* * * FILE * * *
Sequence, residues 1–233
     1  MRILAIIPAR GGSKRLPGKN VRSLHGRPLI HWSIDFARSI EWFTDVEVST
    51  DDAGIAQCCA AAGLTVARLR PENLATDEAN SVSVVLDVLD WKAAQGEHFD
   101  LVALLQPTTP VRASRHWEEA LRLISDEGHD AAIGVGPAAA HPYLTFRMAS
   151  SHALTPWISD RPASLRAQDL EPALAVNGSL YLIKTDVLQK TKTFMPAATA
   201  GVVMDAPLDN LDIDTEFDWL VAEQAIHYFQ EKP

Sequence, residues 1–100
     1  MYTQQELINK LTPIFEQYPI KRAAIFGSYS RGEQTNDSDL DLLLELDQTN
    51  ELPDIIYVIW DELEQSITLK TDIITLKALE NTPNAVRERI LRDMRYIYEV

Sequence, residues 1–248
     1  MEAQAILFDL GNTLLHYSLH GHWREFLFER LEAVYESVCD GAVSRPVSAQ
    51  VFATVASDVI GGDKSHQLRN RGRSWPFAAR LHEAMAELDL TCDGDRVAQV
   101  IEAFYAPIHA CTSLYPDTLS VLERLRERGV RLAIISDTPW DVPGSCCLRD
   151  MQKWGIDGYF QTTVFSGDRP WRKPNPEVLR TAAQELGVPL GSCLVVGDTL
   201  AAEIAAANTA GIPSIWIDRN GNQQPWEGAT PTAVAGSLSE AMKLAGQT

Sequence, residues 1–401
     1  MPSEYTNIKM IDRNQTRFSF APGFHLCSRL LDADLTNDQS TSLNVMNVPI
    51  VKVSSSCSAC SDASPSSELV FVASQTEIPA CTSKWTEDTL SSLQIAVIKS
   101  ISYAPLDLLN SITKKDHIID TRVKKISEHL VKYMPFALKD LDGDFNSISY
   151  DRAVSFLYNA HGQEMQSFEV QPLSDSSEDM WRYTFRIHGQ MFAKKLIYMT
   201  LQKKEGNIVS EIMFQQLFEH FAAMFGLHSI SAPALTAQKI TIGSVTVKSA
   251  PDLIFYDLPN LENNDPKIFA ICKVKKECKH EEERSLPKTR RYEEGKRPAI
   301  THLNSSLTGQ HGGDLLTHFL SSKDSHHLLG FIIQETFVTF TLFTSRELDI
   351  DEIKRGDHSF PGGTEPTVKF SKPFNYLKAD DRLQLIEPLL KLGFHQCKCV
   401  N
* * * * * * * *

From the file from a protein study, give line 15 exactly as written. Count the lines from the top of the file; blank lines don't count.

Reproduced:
   201  AAEIAAANTA GIPSIWIDRN GNQQPWEGAT PTAVAGSLSE AMKLAGQT